A study of Main Street in Montpelier is among the projects being funded with state grants. File photo by Andrew Nemethy/VTDigger
The state Agency of Transportation announced Wednesday that it has awarded $3.5 million to 14 localities for bicycle and pedestrian projects across the state.
The projects include almost 4,000 feet of sidewalk in Milton along Route 7, where the town has for several years sought to improve pedestrians' ability to navigate recent development.
Officials say adequate sidewalks promote public health and allow Vermonters outside of automobiles to move safely around their communities. Transportation officials say their agency is charged with providing such infrastructure.
"It's the Agency of Transportation, not just the agency of cars," said Jon Kaplan, the agency's bicycle and pedestrian program manager. "Biking and walking are two modes of transportation, and there's been lots of emphasis at the federal level on making a transportation system that works for everybody."
A large portion of Vermonters don't drive, or drive only infrequently, Kaplan said, "so if we build a transportation system just for driving, we're not providing a transportation system for the whole public."
The state received requests for nearly $10 million in this year's round of funding for bicycle and pedestrian projects, Kaplan said.
The state Department of Health studied Milton's Route 7 in 2014 to assess pedestrian safety, and one of the researchers involved said sidewalks are a matter of public health.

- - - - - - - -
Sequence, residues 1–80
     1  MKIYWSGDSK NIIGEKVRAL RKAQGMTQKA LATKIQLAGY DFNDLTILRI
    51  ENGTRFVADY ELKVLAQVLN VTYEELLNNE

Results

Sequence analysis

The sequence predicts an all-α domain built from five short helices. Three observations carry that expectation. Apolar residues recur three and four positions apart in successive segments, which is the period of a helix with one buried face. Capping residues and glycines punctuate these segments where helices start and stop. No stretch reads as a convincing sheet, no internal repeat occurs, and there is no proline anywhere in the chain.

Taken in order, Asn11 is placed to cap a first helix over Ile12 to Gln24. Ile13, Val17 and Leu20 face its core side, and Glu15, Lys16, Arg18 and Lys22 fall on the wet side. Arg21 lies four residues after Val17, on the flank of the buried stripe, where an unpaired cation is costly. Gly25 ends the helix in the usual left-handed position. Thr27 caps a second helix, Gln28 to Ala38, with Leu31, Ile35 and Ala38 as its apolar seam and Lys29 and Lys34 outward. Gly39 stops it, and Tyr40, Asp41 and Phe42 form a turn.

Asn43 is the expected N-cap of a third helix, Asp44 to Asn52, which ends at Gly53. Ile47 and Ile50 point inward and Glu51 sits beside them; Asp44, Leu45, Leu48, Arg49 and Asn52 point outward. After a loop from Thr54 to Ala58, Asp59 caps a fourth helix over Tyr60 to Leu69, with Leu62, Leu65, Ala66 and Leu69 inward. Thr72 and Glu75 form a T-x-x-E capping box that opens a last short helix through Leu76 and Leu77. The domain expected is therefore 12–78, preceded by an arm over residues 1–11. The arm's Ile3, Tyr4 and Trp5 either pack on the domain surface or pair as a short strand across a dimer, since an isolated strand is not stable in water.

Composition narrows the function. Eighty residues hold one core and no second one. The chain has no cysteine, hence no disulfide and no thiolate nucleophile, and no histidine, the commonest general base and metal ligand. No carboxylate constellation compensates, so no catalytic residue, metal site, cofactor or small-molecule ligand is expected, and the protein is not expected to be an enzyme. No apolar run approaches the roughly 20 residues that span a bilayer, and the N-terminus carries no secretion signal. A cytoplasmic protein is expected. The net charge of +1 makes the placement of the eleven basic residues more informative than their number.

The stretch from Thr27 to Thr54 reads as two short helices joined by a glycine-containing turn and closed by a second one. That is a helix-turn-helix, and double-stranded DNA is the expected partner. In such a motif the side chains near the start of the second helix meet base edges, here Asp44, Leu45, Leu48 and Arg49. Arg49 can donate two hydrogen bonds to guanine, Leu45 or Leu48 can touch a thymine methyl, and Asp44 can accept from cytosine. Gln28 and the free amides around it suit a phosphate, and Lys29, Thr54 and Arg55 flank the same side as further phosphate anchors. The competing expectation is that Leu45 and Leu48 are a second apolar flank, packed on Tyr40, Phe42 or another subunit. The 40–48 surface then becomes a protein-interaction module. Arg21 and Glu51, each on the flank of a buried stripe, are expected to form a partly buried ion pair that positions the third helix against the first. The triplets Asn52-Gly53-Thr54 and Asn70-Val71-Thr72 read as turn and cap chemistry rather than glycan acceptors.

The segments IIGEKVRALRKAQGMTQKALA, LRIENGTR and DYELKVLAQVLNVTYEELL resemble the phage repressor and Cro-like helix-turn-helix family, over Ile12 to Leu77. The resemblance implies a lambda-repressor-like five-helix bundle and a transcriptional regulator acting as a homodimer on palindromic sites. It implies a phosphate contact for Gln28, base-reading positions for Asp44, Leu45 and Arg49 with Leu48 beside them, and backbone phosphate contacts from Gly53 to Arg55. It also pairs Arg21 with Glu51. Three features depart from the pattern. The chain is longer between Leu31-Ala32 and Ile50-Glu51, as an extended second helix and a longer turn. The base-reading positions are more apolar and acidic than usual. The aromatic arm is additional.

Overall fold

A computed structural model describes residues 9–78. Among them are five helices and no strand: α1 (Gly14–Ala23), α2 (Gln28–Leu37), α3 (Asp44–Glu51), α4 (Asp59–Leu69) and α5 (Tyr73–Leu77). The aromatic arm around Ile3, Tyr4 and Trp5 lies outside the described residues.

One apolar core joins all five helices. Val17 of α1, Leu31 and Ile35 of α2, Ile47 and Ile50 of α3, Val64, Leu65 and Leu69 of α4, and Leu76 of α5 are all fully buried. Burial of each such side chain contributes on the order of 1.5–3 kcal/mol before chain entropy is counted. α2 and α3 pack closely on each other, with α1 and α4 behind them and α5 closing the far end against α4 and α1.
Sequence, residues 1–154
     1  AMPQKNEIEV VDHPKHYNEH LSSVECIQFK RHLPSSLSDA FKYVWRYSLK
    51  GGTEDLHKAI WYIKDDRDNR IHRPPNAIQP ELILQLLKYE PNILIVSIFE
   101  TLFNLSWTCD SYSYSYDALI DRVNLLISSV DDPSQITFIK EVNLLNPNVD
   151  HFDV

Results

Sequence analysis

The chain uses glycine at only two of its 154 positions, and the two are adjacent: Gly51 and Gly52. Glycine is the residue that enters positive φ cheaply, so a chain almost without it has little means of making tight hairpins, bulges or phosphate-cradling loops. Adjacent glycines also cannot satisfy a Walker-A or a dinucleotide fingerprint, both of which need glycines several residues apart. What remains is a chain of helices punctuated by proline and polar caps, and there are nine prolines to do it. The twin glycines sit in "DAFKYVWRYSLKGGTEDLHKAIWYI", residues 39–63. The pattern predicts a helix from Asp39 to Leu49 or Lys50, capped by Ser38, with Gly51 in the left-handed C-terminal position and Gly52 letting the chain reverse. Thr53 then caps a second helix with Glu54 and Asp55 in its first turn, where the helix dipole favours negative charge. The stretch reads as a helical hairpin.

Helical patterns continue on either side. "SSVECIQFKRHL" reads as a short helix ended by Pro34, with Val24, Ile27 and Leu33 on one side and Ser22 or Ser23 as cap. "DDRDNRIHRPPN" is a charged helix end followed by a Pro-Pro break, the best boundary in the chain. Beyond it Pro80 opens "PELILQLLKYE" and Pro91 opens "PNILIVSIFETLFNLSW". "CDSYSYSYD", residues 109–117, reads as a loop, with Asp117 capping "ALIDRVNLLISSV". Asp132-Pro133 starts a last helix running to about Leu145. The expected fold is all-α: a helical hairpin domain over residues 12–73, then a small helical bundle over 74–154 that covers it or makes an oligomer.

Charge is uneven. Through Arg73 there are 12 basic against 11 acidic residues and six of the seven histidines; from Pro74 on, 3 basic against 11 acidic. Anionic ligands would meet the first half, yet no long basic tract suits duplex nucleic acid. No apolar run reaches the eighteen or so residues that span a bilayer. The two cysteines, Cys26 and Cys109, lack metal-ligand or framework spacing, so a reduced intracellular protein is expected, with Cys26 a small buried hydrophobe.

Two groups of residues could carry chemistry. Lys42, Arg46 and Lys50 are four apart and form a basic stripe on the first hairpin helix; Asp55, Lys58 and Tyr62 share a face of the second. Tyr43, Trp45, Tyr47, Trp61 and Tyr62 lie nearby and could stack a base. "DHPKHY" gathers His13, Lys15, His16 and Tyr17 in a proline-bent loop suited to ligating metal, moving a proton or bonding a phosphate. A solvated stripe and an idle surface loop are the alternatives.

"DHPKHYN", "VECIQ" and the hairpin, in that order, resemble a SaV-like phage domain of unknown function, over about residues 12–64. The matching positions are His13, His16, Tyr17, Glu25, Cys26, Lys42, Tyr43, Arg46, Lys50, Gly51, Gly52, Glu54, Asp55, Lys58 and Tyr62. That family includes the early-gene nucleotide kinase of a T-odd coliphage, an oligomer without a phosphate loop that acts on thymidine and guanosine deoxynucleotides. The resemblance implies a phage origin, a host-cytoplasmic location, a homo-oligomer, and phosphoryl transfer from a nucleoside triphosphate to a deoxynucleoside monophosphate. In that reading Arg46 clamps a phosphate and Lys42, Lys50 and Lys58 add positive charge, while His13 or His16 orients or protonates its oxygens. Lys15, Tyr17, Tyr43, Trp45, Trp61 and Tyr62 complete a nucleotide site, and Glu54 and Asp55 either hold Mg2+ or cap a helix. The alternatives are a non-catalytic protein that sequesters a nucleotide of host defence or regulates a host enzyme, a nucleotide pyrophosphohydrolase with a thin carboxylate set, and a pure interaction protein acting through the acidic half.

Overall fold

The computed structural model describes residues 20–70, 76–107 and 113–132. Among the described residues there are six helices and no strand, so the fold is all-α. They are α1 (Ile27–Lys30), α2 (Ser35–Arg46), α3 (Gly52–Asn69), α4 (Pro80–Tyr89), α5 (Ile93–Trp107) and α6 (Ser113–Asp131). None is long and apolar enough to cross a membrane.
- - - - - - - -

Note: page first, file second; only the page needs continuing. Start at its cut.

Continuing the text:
"The concern we have about connectivity is that it's sometimes difficult for people to lead a healthy lifestyle if communities aren't designed well," said Ed DeMott, a chronic disease prevention specialist at the Vermont Department of Health. "Our interest is in making the healthy choice the easy choice."
Development since the 1930s has encouraged Americans to use automobiles as their primary mode of transportation, DeMott said, and this emphasis has led to adverse health effects.
The Department of Health takes an interest in pedestrian infrastructure as a result, he said.
The department's approach to the subject "is rooted in the idea that most Americans and most Vermonters don't get the recommended amount of physical activity on a daily basis," he said. Around two-thirds of Americans consider their local streets the best opportunity for walking and other forms of physical exercise, DeMott said.
The Department of Transportation this year awarded funds for sidewalk projects in Hartford, Waitsfield, Colchester, Enosburg Falls, Springfield, Fair Haven, Milton, Hinesburg and Readsboro.
The department also funded a street study in Montpelier and small-scale pedestrian improvements in Rutland, Brattleboro, Groton and Poultney. Most of the awards require localities to pay at least some portion of total construction costs.